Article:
Becoming a knitter six years ago has focused my attention on craft in a way that I've never experienced before. The relationship and frequent disconnect between technique and creativity is thrown into sharp relief by learning a new skill, and working to become better at it. I am intimately obsessed with the details of executing a craft discipline. I am often mystified by the ability of its master practitioners to internalize those details so thoroughly that they can imagine a world rendered through that set of motions, or see the world to be filled with the raw material that this craft transforms.
This afternoon I watched the documentary Jiro Dreams of Sushi, about a sushi chef of 70 years experience who runs a ten-seat restaurant tucked into a hallway corner in the Tokyo subway underground. His creativity and perfectionism is so famous that people wait months or years for a reservation, and the minimum bill is 30,000 yen or about $350. The unprepossessing stall has three Michelin stars.
Much of the documentary focuses on the repetitive discipline of getting that good at something. Years of practice are required -- apprenticeships lasting most of a lifetime. Jiro, his sons and apprentices, and his adoring customers state over and over again that the key is to do only one thing. To do it every day, to aspire to reach ever new levels of achievement in that one solitary thing.
Years ago I might have found this intriguing but unrealistic. Most of our jobs require that we acquire many skills, and master few or none. But now, after thinking through the nature of craft with two seminar classes, I think there are ways for most people to take this as a challenge. How many of us develop an ability to perform in some area, and then expect that we will use this skill in a cruise control or autopilot mode while we advance ourselves in other ways? I wonder if teaching is like this for many academics. We learn to teach, we get reasonably good at it, and then we take that knife ou of the drawer and wield it whenever the occasion arises, without feeling we need to continue deepening our appreciation or understanding of that activity. We can do it, so we do it, and if we are still learning skills they are likely to be in areas related by professional affiliation but not necessarily by methodology or material, like administration, writing, research. It's a well-known fact that most academics consider the appropriate wage for teaching to be fewer and fewer assignments to teach as the years go on. Is such a system --- are such ambitions -- likely to produce great educators?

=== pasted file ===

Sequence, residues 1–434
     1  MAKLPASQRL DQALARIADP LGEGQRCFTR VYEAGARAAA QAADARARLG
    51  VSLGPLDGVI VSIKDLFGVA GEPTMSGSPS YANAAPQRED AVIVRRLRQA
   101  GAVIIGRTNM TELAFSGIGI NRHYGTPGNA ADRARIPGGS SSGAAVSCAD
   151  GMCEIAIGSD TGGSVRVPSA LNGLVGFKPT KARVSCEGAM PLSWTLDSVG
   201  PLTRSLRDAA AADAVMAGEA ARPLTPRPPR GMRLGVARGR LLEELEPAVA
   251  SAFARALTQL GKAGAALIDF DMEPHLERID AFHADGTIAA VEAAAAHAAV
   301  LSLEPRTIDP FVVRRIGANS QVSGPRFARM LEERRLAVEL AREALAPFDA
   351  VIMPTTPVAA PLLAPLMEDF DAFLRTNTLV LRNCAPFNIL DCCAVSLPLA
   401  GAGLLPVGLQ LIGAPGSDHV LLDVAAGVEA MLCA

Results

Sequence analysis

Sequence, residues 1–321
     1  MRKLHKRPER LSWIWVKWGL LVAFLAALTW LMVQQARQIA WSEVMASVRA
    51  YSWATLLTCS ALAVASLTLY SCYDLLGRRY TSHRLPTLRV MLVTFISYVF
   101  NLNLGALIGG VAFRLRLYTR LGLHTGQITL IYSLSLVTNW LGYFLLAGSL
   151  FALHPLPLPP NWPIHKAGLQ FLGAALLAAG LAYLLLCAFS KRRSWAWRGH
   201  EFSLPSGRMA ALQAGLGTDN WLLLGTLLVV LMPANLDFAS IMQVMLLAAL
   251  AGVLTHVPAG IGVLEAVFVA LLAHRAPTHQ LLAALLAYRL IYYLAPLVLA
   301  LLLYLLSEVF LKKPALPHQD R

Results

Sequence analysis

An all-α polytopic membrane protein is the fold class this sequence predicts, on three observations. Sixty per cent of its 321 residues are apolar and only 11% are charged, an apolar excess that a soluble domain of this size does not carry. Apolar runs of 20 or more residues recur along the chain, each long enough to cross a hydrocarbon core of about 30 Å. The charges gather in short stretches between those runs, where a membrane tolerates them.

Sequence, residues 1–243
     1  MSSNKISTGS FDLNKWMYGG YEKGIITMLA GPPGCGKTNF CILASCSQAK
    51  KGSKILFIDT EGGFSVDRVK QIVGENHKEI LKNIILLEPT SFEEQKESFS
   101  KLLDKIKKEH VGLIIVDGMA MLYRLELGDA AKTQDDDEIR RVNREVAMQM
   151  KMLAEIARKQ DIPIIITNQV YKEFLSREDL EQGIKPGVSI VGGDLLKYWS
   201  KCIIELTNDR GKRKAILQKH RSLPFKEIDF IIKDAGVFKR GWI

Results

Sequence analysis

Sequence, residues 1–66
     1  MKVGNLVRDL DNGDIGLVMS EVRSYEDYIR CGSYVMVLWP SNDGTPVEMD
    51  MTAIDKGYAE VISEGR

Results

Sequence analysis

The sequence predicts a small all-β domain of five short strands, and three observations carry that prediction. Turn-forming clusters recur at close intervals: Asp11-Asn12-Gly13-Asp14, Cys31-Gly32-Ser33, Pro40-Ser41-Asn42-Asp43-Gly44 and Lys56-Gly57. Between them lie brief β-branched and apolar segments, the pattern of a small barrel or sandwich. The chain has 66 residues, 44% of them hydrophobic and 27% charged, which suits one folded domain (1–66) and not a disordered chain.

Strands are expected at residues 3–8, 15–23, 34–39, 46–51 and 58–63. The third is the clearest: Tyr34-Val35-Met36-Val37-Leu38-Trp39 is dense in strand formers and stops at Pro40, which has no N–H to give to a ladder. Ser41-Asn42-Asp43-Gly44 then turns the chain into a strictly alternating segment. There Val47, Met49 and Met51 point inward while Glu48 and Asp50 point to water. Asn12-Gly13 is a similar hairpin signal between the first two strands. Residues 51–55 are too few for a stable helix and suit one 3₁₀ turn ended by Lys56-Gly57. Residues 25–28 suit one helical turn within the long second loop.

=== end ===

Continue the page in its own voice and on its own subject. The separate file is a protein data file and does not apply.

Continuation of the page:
No one would expect a knitter to become a master of his craft, to reach the highest levels of skill, by doing something other than knitting. No one would expect an athlete to become a champion by doing something other than practicing her sport. Performing one's craft and reflecting on one's craft are the only two activities associated with honing one's craft. In how many areas of our culture do we expect, for some odd reason, perfection to be achieved by diffusion of effort rather than concentration?